Chapter 6 brings us back to reading. The gals delight over the Gothic novels of their time, and I’ve always wanted to read Mysteries of Udolpho. I own another Ann Radcliffe book or two, but I haven’t read them, actually. I know Jane is tipping her hat, but is she making fun of Radcliffe, too? Tell me below.
Does the fascination with the Gothic show the twisted side of these girls? Is it merely a fad at that time (as is Harry Potter, Lord of the Rings, Twilight now), or is Jane also trying to make a commentary about girls’ imaginations in general? Is there a reason why we become so engaged in these books? Is that good or bad? Is that how Jane hopes we will become engrossed in her novels?
If anything, this chapter certainly sets up our understanding of Catherine’s imagination and how she draws her conclusions near the end of the book.
Then we get to my notion of Books vs. Boys. Throughout the chapter, Isabella turns the conversation toward boys, teasing, and flirting techniques, while Catherine turns back to the book talk. Is this merely an age difference, or relationship experience difference, or personality difference — or all three?
My thoughts wind back to Isabella’s personality. She says she has “no notion of loving people by halves.” She knows this about herself. Is it good or bad, and does Isabella pride herself on it? It seems manipulative in a way, but if you think about it, Marianne tends to have the same temperament and many people tend to like Marianne OK. I’ve heard or read somewhere that Jane saw herself as a Marianne – so does she relate to Isabella as well? What about you — are you more of a Catherine or Isabella, and what do you think about this notion of feelings toward people?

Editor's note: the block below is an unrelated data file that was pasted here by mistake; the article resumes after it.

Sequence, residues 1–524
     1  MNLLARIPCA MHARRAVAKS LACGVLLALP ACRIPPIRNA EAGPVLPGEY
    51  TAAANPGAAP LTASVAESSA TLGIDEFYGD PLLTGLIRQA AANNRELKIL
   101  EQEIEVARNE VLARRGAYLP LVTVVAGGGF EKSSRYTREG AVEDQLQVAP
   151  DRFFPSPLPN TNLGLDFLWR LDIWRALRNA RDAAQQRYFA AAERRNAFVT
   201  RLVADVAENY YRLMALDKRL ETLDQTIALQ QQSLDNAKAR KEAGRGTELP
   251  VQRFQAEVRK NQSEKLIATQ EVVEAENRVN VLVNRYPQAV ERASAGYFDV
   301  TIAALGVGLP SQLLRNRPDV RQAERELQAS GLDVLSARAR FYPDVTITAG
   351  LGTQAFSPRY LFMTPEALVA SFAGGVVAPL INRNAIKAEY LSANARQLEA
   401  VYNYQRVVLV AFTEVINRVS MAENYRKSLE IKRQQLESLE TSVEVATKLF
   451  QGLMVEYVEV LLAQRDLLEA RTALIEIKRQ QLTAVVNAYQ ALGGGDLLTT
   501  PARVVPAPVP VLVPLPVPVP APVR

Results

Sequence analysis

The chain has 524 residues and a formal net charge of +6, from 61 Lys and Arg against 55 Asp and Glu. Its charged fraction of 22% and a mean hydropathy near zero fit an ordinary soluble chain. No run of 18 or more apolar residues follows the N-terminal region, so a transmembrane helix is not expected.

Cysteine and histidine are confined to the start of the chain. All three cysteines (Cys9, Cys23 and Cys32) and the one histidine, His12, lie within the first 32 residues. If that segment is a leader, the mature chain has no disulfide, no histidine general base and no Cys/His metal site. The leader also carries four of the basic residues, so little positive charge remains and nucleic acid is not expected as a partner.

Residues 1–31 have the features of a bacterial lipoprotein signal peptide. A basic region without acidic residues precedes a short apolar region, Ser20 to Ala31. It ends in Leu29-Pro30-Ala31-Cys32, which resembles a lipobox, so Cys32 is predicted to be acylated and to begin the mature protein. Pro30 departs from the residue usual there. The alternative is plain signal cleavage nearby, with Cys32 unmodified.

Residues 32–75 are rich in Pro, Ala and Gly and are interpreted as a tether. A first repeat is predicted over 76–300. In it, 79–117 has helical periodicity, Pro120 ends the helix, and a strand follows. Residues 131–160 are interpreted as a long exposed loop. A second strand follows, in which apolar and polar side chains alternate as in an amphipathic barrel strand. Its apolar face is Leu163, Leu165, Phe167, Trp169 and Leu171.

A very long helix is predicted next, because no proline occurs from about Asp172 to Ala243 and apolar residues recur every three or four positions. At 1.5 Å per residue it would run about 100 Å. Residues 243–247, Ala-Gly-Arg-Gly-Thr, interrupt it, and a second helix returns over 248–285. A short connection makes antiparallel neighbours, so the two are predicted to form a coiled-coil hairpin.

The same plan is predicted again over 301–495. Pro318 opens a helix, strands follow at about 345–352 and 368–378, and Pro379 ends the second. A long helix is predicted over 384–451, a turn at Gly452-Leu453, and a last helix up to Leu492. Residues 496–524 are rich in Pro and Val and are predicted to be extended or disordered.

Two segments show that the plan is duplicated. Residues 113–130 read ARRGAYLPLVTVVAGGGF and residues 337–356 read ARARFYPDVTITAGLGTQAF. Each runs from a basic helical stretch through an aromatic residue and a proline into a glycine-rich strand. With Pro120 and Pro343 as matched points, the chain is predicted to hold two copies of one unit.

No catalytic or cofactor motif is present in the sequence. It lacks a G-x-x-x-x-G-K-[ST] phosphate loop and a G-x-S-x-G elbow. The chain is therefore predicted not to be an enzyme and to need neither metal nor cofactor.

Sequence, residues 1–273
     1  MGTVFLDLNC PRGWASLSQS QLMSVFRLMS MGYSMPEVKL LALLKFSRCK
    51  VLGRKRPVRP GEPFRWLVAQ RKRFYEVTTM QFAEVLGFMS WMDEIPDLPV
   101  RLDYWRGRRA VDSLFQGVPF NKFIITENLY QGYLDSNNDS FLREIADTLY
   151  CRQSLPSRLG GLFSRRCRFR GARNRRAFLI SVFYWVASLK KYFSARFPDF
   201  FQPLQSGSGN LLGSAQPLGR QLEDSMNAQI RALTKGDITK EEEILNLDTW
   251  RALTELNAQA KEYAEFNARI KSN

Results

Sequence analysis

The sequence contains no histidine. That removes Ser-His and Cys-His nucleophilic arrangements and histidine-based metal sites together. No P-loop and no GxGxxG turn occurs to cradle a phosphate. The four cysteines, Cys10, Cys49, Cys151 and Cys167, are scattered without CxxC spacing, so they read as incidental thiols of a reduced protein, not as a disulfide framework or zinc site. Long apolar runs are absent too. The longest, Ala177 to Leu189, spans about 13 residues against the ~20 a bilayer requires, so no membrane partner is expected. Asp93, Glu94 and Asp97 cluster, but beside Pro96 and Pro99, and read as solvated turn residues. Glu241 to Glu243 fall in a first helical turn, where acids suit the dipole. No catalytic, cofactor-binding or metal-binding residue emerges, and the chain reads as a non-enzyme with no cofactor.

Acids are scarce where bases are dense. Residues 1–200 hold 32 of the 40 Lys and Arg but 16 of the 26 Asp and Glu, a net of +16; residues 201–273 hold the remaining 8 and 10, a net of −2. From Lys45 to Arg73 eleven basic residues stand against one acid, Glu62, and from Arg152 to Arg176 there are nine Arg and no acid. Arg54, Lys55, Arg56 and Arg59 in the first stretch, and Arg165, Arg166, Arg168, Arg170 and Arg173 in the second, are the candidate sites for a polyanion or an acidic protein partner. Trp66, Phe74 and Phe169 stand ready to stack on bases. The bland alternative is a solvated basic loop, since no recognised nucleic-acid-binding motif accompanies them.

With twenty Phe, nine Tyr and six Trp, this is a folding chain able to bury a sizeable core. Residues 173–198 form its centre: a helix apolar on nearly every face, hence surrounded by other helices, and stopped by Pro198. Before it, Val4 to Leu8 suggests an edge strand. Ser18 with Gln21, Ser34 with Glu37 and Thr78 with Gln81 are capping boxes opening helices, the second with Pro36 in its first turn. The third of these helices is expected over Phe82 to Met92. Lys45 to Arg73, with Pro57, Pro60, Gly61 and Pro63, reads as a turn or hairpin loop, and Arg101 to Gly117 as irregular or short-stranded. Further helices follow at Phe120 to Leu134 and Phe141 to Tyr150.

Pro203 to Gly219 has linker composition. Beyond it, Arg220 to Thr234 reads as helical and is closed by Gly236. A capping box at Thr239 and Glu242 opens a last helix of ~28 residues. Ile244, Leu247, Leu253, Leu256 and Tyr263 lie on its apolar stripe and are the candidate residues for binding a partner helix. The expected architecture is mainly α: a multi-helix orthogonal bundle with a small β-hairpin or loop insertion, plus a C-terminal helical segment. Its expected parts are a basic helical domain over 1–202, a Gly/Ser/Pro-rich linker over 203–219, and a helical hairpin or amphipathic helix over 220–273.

There’s also the typical teenager double talk of loving someone and then putting them down almost immediately. Isabella can’t stop praising Miss Andrews but then puts down her personality in favor of Catherine. How does this foreshadow how Isabella will manipulate guys and Catherine down the road?
And of course, my favorite lines. Jane’s at it again with her interesting chapter endings that conclude with a bit of humor – the book talk ends as they “don’t” pursue the gentlemen. :
“I shall not pay them any such compliment, I assure you. I have no notion of treating men with such respect. That is the way to spoil them.” (Isabella)
“Catherine had nothing to oppose against such reasoning; and therefore, to show the independence of Miss Thorpe, and her resolution of humbling the sex, they set off immediately as fast as they could walk, in pursuit of the two young men.”
I’ve definitely done the fake not interested bit. You? What about this notion of how to treat the opposite sex and whether to “spoil” them? There’s a huge conversation waiting to happen.